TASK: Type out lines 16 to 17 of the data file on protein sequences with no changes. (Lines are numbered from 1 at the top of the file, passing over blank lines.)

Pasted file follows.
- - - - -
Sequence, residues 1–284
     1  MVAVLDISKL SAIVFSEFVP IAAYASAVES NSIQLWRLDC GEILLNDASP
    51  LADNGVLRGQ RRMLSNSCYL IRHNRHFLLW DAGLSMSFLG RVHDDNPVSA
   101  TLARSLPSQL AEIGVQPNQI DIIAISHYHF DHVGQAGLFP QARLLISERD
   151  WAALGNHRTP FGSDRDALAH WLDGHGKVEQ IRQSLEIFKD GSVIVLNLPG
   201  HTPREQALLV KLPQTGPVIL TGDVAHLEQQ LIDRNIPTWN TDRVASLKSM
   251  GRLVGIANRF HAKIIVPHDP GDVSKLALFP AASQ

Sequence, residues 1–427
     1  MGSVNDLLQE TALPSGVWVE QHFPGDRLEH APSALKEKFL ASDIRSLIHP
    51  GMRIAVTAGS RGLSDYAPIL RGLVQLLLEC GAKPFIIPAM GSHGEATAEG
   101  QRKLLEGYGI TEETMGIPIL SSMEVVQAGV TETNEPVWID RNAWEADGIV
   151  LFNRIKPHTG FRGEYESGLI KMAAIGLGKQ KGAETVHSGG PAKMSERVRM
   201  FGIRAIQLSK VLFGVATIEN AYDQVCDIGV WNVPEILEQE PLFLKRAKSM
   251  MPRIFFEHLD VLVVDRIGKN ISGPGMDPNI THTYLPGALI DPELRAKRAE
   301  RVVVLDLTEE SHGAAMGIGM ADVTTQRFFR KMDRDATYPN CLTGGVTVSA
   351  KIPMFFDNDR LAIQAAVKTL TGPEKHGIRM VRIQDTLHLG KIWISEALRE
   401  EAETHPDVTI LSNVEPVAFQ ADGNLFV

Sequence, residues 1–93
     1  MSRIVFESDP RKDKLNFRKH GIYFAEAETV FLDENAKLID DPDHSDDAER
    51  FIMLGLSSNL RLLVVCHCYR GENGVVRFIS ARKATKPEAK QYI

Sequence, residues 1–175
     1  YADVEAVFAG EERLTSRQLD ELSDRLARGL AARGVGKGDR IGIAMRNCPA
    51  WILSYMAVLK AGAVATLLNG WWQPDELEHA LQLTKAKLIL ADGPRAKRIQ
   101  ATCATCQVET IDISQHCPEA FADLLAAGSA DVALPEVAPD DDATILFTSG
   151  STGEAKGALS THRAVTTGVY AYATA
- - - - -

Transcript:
   351  KIPMFFDNDR LAIQAAVKTL TGPEKHGIRM VRIQDTLHLG KIWISEALRE
   401  EAETHPDVTI LSNVEPVAFQ ADGNLFV